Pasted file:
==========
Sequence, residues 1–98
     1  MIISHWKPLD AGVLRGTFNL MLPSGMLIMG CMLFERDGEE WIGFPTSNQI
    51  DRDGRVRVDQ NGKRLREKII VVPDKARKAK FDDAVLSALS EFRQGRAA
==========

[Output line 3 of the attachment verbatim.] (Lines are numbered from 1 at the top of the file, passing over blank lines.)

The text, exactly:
    51  DRDGRVRVDQ NGKRLREKII VVPDKARKAK FDDAVLSALS EFRQGRAA